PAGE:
Before the fire illuminates the pitch dark room, 67- year old Namdak Rokaya makes an effort to blow the fire for quite some time, to prepare dinner. By then the whole room is hurling clouds with heavy smoke from the wood. Namdak rubs her teary eyes, and opens the tiny window.
Despite the alternative of advanced stoves, Namdak still uses a three leg stove, just like most of the women in her remote Himalayan region of Dolpo, in western Nepal. As she prepares for her cooking session, she is huffing and puffing furiously, breathing in smoke from the soot that might degrade her health. She has been diagnosed with Asthma.
Like Namdak, many other women in the nearby communities complain about teary eyes, milder cough, lung problems and other undiagnosed respiratory problems. Burning wood or yak dung is one of the widely used fuels for cooking and heating in this region, close to Tibet.
For generations the Buddhist communities lived a trans-nomadic lifestyle depending on yak dung and limited woods for fuels. But the lifestyle comes with a cost. The region has one of the worst indoor air pollution, the soot of the burning wood and yak dung releases black carbon, a big contributor to climate change.
Few studies have conducted research on the emission levels of indoor air pollutants and how women are predominately impacted by the air consumption that leads to respiratory health hazards.
According to the World Health Organization (WHO) around 3 billion people use cooking and stoves fueled by kerosene, biomass such as wood, animal dung and coal suffers from respiratory health issues. Women and children bear the brunt of the change, who are highly exposed to the indoor air, says the WHO report.
A recent report by the International Centre for Integrated Mountain Development (ICIMOD) regards Black Carbon —which is released by the soot of the dung and wood— as a big contributor to climate change.
Carbon in the air
Black carbon is a type of fine particulate air pollution (PM 2.5), which has significant direct and indirect impacts on the cryosphere (snow and ice), the atmosphere and human health according to the Climate and Clean Air Coalition.
Particles below 10m diameter (pm10) can penetrate deeply into lungs and have great potential for health damage. A 2015 study recorded this type of health impacts from biomass cooking in other Nepalese rural communities. Teary eyes, difficulty in breathing, and coughing were reported to be major health problems.
The traditionally in-closed architectural house in these mountain communities has little or no ventilation at all which causes air to trap inside the house. Women who rarely smoke have the greatest risk of lung cancer, and other undiagnosed respiratory problems.
Namdak explains that coughing, teary eyes are common. “Working in fire, from collecting wood to cooking, is a daily activity here for most women. Single older women who cannot afford proper cooking stoves are more prone to such symptoms,” she says.
There is a lack of research and data on the impacts of burning indoor woods and yak dung in the health of women in Dolpo.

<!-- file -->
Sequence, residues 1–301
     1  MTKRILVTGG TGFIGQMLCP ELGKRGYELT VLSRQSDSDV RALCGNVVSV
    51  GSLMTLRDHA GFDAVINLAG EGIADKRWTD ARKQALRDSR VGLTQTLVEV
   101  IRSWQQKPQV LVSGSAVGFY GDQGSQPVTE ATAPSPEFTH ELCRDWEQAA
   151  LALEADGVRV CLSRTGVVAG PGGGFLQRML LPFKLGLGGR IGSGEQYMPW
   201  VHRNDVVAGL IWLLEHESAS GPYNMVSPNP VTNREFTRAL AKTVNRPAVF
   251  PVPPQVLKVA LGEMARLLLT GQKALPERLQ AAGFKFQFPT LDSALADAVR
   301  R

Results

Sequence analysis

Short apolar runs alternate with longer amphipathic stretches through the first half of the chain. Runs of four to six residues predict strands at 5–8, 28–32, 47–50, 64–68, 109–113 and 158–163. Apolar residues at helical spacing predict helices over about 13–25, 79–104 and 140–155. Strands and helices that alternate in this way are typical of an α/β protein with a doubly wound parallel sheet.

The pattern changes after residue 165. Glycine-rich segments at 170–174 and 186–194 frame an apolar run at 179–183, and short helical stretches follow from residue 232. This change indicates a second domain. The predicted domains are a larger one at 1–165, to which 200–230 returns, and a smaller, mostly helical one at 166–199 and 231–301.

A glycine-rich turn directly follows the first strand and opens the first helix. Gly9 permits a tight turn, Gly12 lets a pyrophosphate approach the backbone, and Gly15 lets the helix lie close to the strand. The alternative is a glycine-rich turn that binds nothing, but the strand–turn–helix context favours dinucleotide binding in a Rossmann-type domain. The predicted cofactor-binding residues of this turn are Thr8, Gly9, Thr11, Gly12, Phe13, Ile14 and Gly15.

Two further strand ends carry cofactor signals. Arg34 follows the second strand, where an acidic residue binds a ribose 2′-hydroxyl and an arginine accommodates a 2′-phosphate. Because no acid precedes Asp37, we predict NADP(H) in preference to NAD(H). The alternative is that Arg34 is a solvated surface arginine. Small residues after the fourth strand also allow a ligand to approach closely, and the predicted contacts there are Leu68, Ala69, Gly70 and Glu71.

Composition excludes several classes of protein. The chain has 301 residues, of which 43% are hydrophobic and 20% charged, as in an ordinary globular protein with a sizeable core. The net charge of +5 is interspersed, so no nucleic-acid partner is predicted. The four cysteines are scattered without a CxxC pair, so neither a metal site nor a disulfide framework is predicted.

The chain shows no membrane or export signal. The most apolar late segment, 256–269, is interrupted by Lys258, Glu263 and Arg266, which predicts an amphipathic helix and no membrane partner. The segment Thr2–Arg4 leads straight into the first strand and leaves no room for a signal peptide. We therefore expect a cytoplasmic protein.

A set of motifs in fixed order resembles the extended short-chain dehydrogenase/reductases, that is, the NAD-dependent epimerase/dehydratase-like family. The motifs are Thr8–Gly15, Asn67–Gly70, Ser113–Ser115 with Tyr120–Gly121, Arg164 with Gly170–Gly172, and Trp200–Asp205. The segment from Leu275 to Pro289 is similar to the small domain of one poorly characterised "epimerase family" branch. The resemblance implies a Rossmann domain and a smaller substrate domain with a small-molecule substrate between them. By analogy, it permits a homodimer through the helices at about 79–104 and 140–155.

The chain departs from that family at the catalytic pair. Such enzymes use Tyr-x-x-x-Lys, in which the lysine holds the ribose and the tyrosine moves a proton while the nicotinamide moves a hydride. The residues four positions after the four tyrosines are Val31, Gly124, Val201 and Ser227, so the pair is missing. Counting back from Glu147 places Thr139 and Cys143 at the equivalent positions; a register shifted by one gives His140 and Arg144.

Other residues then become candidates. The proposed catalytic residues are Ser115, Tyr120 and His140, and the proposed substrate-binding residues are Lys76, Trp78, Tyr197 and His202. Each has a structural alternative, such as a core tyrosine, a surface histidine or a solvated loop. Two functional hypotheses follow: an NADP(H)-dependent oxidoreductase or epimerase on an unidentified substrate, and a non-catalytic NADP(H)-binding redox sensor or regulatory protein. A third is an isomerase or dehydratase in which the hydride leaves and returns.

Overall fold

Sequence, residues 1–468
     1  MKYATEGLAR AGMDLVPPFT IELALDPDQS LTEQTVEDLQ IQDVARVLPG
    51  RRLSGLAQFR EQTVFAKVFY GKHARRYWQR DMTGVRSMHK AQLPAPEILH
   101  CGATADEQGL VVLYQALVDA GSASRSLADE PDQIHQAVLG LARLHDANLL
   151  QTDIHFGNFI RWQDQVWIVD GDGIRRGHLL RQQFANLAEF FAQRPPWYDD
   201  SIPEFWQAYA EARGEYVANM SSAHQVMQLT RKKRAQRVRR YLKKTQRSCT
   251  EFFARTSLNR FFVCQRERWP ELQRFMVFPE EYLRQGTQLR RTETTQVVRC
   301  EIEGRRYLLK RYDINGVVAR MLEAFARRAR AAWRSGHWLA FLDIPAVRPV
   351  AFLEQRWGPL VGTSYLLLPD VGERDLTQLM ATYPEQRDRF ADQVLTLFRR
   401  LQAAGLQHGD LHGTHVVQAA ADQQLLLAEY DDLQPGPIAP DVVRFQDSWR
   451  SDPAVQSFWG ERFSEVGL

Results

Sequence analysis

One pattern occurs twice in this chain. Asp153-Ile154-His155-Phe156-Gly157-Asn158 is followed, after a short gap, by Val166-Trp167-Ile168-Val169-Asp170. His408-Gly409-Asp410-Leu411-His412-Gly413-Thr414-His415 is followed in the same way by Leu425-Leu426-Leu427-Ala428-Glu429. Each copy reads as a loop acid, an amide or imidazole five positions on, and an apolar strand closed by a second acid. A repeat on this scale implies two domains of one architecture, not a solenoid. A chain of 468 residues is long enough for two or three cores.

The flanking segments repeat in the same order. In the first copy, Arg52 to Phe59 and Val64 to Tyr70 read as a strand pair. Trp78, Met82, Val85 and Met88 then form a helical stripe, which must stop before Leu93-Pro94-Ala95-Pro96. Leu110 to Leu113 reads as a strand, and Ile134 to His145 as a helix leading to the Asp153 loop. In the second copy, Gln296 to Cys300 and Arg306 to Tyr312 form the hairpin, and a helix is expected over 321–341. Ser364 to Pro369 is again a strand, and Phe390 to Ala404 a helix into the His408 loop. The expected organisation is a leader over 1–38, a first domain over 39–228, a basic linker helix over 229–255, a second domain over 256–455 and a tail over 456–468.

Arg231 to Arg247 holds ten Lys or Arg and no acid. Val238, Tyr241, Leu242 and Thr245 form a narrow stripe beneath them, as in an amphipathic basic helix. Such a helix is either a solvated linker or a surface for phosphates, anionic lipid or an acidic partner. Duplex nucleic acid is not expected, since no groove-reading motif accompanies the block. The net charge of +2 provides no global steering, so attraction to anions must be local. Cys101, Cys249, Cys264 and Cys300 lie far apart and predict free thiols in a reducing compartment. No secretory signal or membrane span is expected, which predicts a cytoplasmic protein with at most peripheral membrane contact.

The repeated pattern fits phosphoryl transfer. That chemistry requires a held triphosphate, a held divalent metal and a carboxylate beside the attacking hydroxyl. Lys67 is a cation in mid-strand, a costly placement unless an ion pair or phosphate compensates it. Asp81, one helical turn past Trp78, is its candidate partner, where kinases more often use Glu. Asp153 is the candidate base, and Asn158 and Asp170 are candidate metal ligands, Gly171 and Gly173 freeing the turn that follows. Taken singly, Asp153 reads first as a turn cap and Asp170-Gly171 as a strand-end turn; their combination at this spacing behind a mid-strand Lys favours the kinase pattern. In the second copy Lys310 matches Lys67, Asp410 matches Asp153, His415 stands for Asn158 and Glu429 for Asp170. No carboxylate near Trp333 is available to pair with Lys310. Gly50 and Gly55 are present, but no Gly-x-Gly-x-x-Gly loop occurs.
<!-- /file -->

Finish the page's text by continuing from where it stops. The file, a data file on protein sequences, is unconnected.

But a study from Tibet found PM 2.5, about 0.4-1.7 Gg of additional Black Carbon is emitted by yak dung combustion each year.
The case might be similar to the villages in Dolpo, a close bordering neighbor says, ward chairperson of Namdo, Dolpo.
The district hospital of Dolpa recorded a rising number of people in the area suffering from COPD, a type of pulmonary disease. In 2020, 114 women and 91 men were affected.
“Women who come for check up here from Dolpo having Chronic Obstructive Pulmonary disease (COPD) are caused by excessive indoor air pollution(IAP) while here in the city, people are impacted by outdoor air pollution mostly,” says Dr. Sameer, Stupa Community Hospital, who had treated Dolpo patients for a long Time.
The reason for enclosed homes in these mountain communities is to escape extreme cold and harsh winters. Even when there are alternative possibilities to let ventilations open, and let air escape, the communities still have to undergo harsh winter for a complete six months.
However, this allows air pollution to get stuck indoors, says climate and energy expert Manjeet Dhakal, from the scientific organization Climate Analytics. “Indoor air pollution is a poison inside a home. The polluted emission that goes out is in the air but what remains inside in the home is 100 times riskier than smoking,” he said.
Without dismissing the culture, yet limiting the emissions of carbon, solutions to this problem are linked with culture and identity, says Dhakal. “It is a challenge, but the communities also have to be aware about the impact of black carbon emission on their health,” says Dhakal.
Nepal submitted it’s updated Nationally Determined Contribution (NDC) in December 2020, setting an aim to achieve “net zero” emissions by 2020. To achieve this, the country committed to ensure 25% of households use electric stoves as a primary source of cooking by 2030, 5% more than the ones that use it today. By 2025, the country also pledged to install 500.000 improved cook stoves specifically in rural areas.
“The NDC target for 500,000 stoves is not ambitious enough. Indoor air pollution is something that is not understood internationally. We are looking for an international target and attention this year, we can do much more than that,” says Manjeet Dhakal who is also a technical assistant for the NDC.
Dhakal thinks that a possible solution to this problem is switching to cleaner ways of heating homes, such as solar cooking and advanced cooking with electricity.
But Dolpo falls behind in terms of development. Nepal’s largest region not linked by road, no electricity. It will be long before it gets here.